THE FIGUREHEADS – Life and Depth, Sustainable Hiphop Vol. 2

CD Reviews 10 Jun 2006

life___depth_coverTHE FIGUREHEADS – Life and Depth, Sustainable Hiphop Vol. 2

(2006   Self-Release)

Modern hip-hop has reinterpreted its sound with seminal producers moving beyond the boomy, b-boy aesthetic toward something truly fresh.  The Figureheads are absolutely hitting on this new ideal, with glitch, techy, gnarly beats crafted with a defined nod to classic techno and the more esoteric side of Chicago house; from the tight grooves of Derrick Carter to the mind-bending sounds of the Detroit underground a la Carl Craig.  In fact, this new-school hip-hop absolutely draws its sound from old school underground dance vibes.

In fact, the production on this newest EP from this local high-minded and poetic group sometimes overshadows the flow.  The grooves, created by producer Dave Olson, are clean, rough and utterly airtight, rarely moving too far from the synth/techno edge but mutating each track to a new end.  Space and silence are absolutely effective accents to the deep vibrations of each groove on this short disc.

Jer One, the lead voice for the Figureheads, is perhaps one of the best emcees in town and his flow on this disc never falters.  While the complexity of his rhymes call to mind the legendary Eminem, his lyrical content is far more positive, far more introspective and far more spiritual.  Pegleggreg, the secondary voice on this disc, hasn’t yet reached the level of control and complexity that Jer One brings to the mix.  But he does bring a different feel and sensibility to his style that helps these tracks move beyond a single voice.  And this emcee actually sings and actually hits the notes.  Far too many emcees have tried to sing and failed so miserably that it has almost become cliché, thanks to Biz Markey and his ilk.

The Figureheads touch on spiritual significance in virtually all of their tunes and it starts sounding like they were having a hard time spreading their wings and delving into new lyrical arenas.  While I respect any artist’s spiritual inspiration, it starts sounding preachy and played quite quickly.  While many in modern hip-hop seem to drag God out to sell more records while praising materialism and a selfish pursuit of wealth, that is decidedly not the case with the Figureheads.  They are dedicated to supplying music that exalts virtue and faith while eschewing the negative, materialistic, self-aggrandizing mantra that has plagued hip-hop for a generation.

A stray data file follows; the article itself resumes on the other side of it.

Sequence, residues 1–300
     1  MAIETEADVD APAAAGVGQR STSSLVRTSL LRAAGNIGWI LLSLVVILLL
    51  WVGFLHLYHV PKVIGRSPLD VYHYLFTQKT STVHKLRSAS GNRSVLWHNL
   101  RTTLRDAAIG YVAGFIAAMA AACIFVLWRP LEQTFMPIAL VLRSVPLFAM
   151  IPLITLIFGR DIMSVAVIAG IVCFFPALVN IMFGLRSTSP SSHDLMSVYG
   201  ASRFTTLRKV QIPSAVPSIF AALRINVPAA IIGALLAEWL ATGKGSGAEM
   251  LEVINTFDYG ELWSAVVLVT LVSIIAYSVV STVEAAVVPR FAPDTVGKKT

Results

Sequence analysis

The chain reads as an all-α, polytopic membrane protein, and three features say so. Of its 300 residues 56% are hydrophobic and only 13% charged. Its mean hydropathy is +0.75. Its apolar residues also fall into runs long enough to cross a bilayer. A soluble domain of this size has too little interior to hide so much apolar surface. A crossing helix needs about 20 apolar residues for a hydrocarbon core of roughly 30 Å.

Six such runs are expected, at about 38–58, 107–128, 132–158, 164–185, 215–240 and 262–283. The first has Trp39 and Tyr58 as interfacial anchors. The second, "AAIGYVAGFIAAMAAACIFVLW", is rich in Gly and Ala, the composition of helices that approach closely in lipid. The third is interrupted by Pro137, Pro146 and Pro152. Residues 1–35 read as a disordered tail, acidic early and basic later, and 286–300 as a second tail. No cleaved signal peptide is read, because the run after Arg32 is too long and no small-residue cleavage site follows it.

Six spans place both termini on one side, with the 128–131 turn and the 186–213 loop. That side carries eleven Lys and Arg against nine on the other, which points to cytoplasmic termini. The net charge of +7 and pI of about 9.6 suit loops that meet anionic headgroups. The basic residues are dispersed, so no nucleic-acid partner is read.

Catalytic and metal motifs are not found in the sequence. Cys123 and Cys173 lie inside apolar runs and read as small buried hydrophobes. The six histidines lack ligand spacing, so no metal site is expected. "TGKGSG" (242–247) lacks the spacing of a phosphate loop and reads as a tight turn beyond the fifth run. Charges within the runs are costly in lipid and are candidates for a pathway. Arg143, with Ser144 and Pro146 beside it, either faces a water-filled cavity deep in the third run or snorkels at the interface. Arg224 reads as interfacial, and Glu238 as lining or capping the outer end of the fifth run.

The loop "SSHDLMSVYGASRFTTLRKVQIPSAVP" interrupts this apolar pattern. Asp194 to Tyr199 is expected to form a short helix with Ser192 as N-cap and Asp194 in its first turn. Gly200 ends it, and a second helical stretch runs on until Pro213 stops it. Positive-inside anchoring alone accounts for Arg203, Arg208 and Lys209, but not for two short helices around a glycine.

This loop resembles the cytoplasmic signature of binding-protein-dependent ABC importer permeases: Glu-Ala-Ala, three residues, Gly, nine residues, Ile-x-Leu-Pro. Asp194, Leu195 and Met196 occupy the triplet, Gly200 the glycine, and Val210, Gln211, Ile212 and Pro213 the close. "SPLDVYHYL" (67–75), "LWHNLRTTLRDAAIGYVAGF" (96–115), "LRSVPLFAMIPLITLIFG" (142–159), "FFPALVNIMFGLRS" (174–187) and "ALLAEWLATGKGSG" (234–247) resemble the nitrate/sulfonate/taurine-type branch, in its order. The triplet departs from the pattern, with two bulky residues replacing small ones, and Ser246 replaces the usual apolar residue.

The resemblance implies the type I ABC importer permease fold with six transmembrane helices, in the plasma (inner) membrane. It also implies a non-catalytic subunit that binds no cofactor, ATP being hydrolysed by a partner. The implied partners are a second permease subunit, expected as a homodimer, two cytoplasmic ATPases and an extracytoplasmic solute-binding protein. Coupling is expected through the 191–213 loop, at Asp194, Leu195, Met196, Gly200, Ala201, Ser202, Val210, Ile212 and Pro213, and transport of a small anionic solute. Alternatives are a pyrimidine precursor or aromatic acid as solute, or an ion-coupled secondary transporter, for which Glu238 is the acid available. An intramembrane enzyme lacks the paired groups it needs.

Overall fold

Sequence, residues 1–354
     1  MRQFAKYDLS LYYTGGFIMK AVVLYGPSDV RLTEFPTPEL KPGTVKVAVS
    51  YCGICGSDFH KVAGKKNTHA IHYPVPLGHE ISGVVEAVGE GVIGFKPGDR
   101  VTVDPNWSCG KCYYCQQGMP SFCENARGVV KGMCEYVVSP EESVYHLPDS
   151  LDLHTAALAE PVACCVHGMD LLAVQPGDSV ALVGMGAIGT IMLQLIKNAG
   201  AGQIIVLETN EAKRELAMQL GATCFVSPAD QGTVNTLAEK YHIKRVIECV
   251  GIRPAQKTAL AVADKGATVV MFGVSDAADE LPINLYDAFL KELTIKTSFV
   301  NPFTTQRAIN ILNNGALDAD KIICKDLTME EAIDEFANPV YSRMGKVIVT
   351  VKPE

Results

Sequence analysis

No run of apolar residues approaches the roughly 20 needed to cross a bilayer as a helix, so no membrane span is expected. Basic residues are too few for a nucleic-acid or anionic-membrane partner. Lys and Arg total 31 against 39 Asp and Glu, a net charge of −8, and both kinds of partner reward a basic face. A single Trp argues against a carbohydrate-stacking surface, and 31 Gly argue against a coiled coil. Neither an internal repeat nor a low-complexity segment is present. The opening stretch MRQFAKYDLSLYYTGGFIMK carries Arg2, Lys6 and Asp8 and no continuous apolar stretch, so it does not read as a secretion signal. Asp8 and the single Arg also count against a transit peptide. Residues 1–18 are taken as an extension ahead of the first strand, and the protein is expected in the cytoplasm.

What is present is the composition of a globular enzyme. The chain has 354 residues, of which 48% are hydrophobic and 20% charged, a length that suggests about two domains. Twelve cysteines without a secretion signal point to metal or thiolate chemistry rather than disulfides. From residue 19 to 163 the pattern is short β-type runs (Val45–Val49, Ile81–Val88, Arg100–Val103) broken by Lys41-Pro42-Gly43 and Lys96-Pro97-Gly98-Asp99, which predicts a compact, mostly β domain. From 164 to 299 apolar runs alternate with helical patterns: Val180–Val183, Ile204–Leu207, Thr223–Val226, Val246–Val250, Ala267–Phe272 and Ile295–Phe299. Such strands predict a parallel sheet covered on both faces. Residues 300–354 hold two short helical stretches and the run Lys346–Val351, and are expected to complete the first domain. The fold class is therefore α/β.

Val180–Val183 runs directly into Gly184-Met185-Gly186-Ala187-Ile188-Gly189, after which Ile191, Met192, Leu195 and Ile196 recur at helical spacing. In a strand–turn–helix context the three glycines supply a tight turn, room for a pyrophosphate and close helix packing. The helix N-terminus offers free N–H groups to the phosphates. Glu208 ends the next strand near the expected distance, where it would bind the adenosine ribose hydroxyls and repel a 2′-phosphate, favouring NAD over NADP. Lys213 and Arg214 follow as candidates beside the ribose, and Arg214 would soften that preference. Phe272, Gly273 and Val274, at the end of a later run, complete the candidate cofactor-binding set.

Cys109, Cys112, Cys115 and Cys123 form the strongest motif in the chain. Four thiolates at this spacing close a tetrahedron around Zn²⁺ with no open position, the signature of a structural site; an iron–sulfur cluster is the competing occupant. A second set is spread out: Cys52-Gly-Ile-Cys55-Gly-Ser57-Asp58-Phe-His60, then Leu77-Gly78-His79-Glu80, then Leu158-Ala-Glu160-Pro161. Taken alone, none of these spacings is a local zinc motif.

In fact, the Figureheads have released a previous album just for kids, making it clear that their hearts are in the right place and their desire to educate and elucidate is pure.  But that doesn’t change the fact that I don’t put on a record to be preached at, I don’t spin records that espouse a belief system that exalts a single spiritual perspective above all others, and I long for a day when hip-hop music doesn’t waste time praying.  But until that day comes, Figureheads act as a balance to the mountains of negativity and bullshit that have created stereotypes that cast hip-hop in the light of gangsta pain and misogynistic attitude.

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About the author

Rick Tvedt

Rick is publisher of Local Sounds Magazine, formerly Rick's Cafe, Wisconsin's Regional Music Newspaper. He is also the Executive Director for MAMA, Inc., a non-profit organization that produces the Madison Area Music Awards and raises funds to promote youth music programs.

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